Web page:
People using Google to conduct their web searches Saturday had a little added entertainment on the page in the form of Jamestown's most famous native, Lucille Ball.
The ''Google doodle'' for the day featured an interactive television screen - the Google name appeared in the iconic ''I Love Lucy'' font, and the antique television's channels could be changed, allowing the user to click through some of the legendary actress' most famous clips from the show.
Done in celebration of Lucy's 100th birthday Saturday, it was one of the most in-depth doodles the website has put together. In an interview with The Post-Journal, Jennifer Hom - whose official job title with Google is ''doodler'' - said that the team that puts the daily images on the search engine's homepage came up with the idea a few months ago. However, she said, it grew from something small at its origin into something monumental by the time it hit the site.
Pictured is the ‘‘Google doodle’’ from Saturday, Aug. 6. When users operated the controls of the television set, iconic clips from ‘‘I Love Lucy’’ played.
''It was going to be just a typographical treatment, with the title starting as the Google letters,'' Ms. Hom said. ''But as it evolved, I kept getting feedback from my team members that we wanted to make it better.''
To research the project, Ms. Hom said she watched countless episodes of ''I Love Lucy'' - Ball's best-known work - and she discovered that the episodes she remembered laughing at as a child remained funny as time had passed. Other members of the Google team had similar experiences, she added, and a number of their favorite scenes from the program appear as part of the doodle.
Ms. Hom said that Google reached out to CBS to gain permission to use the clips on its homepage, and that she also personally reached out to the Lucille Ball-Desi Arnaz Center in Jamestown to make connections.
"As it evolved, I kept getting feedback from my team members that we wanted to make it better.''
''I spoke to Journey (Gunderson, executive director of the center) about Lucille Ball, just because we wanted to find the people who were closest to her legacy, the people who knew her work, the people who knew her family,'' Ms. Hom said. ''We always want to make sure that we pay as much respect and accuracy to the things and people that we celebrate, so obviously we are going to reach out to the people who are closest to their work.''
Google doodles are often presented in celebration of the birthdays of famous people. However, the interactive doodle celebrating Ball received more attention than most. Ms. Hom said she and the team looked at social media sites such as Twitter as soon as it went live on the site and were pleased with the response.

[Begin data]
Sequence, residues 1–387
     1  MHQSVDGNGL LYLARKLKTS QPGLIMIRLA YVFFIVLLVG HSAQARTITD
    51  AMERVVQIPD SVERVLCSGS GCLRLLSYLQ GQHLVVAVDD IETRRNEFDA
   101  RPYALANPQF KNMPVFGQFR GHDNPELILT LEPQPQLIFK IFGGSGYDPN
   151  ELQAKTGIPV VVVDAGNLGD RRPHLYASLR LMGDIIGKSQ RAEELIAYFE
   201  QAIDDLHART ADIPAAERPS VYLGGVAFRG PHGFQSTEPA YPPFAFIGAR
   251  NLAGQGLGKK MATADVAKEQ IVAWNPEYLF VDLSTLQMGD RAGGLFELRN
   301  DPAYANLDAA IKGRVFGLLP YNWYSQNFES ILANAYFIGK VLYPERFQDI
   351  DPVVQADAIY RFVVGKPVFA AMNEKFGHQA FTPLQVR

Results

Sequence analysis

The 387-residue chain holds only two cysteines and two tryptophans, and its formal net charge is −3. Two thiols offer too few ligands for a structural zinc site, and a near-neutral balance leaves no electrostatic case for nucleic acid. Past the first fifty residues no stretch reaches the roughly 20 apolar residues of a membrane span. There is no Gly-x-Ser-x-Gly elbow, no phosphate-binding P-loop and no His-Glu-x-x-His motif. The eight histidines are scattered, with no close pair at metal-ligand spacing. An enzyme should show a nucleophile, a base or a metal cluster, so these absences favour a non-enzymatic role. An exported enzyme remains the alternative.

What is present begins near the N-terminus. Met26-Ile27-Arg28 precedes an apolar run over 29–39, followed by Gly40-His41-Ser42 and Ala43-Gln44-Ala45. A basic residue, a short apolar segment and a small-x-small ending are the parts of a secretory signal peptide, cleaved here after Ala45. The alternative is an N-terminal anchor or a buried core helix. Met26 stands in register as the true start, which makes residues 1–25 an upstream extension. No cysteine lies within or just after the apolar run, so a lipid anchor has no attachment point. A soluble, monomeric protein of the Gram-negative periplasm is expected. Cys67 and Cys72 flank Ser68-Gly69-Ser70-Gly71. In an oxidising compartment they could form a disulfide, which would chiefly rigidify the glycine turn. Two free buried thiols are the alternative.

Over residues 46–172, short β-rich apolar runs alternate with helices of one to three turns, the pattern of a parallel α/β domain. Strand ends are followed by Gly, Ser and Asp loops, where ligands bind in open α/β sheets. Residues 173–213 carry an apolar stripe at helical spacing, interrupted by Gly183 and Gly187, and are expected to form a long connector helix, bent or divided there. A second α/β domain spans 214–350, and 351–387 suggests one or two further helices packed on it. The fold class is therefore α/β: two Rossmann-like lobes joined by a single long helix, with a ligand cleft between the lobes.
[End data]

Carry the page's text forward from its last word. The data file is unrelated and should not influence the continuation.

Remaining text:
''The initial reactions were awesome,'' Ms. Hom said. ''People just loved the show and they remember it, because generations of people grew up with it, even if they didn't grow up with the first airing of it.''
The doodle also received national media coverage Saturday morning, she said, including on CNN's morning news show.
While a great deal of work goes into each doodle that appears on the Google website, Ms. Hom said it is a relatively small team that creates each one. She said that she and head engineer Kris Hom - no relation - are joined by a few other people in each project.
And while the projects are fun, they aren't just made to be silly diversions on the homepage as people show up to Google each day to search for whatever they want from the Internet. Doodles are made to honor the legacy of those being depicted, said Anne Espiritu, Google's manager of global communications and public affairs.
''We don't just create doodles with an activity for the sake of it to move - it actually has to make sense,'' she said. ''Lucy is known for her skits on 'I Love Lucy,' and it's all about staying true to that spirit.''
Making those skits come to life on Google for a day took a lot of burning the midnight oil for the doodle team at the company. But they were willing to do the work to showcase such a figure of Americana, Ms. Hom said.
''Everyone was really into her work, so we were all willing to put in the extra hours late into the night before it went live,'' she said.
Google is the most-visited website in the world. According to Ms. Espiritu, more than a billion web searches are conducted on the site each day.